Justice Harold See. In each of those positions, I worked on all
types of criminal cases that were appealed to the Supreme Court.
I understand the role of an appellate court judge, and I will not
require any on-the-job training. In addition to my years of
service at the Supreme Court, I have also practiced law in the
Birmingham office of a national law firm, litigating cases on behalf of
both individuals and employers before state and federal trial courts,
the Alabama Supreme Court, and the United States Court of Appeals for
the Eleventh Circuit. I have a strongly held, conservative
judicial philosophy. I believe in working hard, and I have
tested, proven experience.
What do you consider to be the three most important
attributes of a judge?
believe it is essential that a judge be experienced, objective, and
strong. It is particularly important for a judge on an appellate
court to have the requisite experience to understand the proper role of
an appellate court judge. Appeals courts are places of research,
study, and thoughtful debate, where a judge must follow the law and not
attempt to re-write the law from the bench. A judge on an
appellate court must have the skills and ability to objectively
evaluate arguments presented by the parties on novel issues of law,
determine what the law requires, and articulate an explanation of the
law’s requirements that can be applied in trial courts throughout the
state. A judge must also have the strength of character and
conscience to apply the law faithfully and impartially, without regard
to outside pressure or interests.
What is your judicial philosophy?
have a conservative judicial philosophy, which was informed and
strengthened by my years of experience working at the Alabama Supreme
Court. I believe the role of a judge is to faithfully and
impartially apply the law to the facts of the case, without legislating
from the bench or attempting to re-write the law. I believe
Alabama’s appellate court judges should be experienced doing the work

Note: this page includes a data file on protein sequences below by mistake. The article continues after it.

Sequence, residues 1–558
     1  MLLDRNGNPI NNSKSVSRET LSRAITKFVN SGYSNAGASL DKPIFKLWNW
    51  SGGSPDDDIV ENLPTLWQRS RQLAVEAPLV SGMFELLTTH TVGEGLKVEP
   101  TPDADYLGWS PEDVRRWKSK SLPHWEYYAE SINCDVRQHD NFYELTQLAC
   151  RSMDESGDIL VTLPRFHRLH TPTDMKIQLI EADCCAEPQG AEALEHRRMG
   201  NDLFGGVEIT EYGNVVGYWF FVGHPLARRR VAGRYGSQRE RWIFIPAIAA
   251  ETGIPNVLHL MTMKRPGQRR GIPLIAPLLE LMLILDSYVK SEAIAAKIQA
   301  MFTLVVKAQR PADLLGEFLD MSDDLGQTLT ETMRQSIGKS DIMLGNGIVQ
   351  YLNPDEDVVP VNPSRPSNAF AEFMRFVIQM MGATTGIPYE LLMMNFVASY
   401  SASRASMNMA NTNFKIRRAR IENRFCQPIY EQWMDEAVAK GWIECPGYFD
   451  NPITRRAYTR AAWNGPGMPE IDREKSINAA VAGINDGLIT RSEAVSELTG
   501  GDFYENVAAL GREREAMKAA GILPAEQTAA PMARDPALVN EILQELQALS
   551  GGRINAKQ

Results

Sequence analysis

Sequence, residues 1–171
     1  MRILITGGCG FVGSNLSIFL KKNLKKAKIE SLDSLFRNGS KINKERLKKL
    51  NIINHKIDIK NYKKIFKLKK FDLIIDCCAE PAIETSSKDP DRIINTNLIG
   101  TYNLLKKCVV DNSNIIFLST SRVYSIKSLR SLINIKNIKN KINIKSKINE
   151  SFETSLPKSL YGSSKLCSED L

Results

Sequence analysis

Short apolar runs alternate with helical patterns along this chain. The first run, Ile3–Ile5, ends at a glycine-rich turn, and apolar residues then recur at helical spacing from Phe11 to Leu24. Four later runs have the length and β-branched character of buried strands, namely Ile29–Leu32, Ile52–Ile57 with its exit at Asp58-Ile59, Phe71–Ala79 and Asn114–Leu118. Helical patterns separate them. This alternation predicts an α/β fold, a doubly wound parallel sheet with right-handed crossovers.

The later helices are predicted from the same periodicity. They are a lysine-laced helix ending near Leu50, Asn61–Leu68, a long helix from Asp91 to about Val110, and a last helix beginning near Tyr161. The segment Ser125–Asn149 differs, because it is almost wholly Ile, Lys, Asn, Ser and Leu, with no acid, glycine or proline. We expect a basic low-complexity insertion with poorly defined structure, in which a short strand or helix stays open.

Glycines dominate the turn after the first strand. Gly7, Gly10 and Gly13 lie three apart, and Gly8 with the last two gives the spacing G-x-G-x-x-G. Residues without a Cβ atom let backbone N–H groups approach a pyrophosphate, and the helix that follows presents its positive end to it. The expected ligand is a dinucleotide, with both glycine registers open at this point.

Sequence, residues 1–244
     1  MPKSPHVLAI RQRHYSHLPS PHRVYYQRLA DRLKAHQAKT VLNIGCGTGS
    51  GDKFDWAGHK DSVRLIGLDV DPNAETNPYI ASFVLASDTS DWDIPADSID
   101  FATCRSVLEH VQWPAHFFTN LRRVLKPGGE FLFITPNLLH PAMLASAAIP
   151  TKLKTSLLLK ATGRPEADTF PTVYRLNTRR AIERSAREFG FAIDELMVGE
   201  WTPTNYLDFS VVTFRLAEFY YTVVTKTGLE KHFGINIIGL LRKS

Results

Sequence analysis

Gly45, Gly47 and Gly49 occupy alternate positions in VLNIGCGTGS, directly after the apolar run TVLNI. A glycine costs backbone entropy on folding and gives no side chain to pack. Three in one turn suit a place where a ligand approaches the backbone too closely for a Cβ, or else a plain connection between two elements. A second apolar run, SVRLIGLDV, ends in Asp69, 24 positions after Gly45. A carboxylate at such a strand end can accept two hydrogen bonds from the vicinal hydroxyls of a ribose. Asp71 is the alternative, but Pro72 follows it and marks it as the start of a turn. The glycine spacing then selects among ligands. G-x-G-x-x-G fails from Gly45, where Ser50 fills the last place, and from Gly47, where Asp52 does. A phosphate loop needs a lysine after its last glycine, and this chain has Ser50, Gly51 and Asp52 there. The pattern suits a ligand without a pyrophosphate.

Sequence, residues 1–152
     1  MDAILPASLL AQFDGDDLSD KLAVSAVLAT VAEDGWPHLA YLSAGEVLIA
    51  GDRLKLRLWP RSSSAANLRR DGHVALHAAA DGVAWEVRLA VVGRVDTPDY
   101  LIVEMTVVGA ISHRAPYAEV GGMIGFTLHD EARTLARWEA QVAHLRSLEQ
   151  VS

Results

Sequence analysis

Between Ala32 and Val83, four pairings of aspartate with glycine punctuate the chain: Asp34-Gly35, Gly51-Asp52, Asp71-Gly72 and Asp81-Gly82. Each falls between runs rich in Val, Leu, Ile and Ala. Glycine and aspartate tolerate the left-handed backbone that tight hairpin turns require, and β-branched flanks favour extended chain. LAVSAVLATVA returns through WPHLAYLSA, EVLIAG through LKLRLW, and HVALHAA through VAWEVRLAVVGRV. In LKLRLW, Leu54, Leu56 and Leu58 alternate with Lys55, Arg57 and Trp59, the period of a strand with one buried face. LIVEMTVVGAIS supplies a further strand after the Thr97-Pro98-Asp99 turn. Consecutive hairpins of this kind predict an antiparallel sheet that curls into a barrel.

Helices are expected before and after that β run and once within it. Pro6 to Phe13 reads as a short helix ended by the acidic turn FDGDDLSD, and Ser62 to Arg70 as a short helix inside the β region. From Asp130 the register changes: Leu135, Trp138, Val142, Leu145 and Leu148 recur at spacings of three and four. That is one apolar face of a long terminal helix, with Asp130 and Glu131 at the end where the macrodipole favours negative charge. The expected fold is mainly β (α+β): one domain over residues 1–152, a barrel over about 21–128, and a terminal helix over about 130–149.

of an appeals court and must respect the rights of victims in our
criminal justice system while ensuring due process of law to all
parties who come before the Court. Ultimately, they must ensure
that the rule of law prevails. The Alabama Constitution requires
that our state government be “a government of laws and not of men,” and
it is the duty of a judge to abide by that Constitutional requirement.
How do you define “judicial independence,” and how
important is it to our judicial system?
independence is an essential element of the separation-of-powers
doctrine upon which the framers of our Constitution relied to ensure
the continued liberty and prosperity of the people. Section 43 of
our state Constitution prohibits the executive and legislative branches
from attempting to usurp the judicial power, which is reserved
exclusively to the judicial branch. The same section of the
Constitution also prohibits the judiciary from attempting to usurp the
powers and prerogatives of the executive and legislative
branches. An impartial and independent judiciary is, therefore,
an integral part of the system of checks and balances that prevents any
branch of government from accumulating unfettered power. The
preservation of judicial independence helps to ensure that the reins of
power remain firmly in the hands of the people.
What is the greatest area of need in the Alabama criminal justice
how should the Alabama Court of Criminal Appeals respond, if at all?
principal issue that is always before all of our courts is to ensure
that the rule of law prevails. The Court of Criminal Appeals must
uphold the rule of law and provide guidance on the law’s requirements
to the trial courts throughout the state. To that end, I will
faithfully and impartially perform the duties of a judge on the Alabama
Court of Criminal Appeals and will support the Constitution of the
United States and the Constitution of the State of Alabama.
What part, if any, should public opinion play in the decision of a
taking office, judges swear an oath to support the Constitution of the
State of Alabama and the Constitution of the United States. That
oath requires judges to follow the law faithfully and
impartially. Judges are obliged to apply the law as they
understand it to the facts of the case without regard to outside
influences. If a citizen believes that a particular law is
unwise, our Constitution guarantees him or her the right to petition
the Legislature to have that law changed.
In a case before the court, how should a judge handle a conflict
between his/her personal beliefs and the law?
oath of office that judges take requires them to follow the law
faithfully and impartially. If a judge’s conscience will not
allow him or her to follow the law in a particular case, he or she
should recuse himself or herself from involvement in that case.
League of Women Voters of Alabama Education Fund does not endorse any
or party. The information presented
here is intended solely for the education of Alabama voters. Responses
are printed verbatim as submitted by the candidates up to the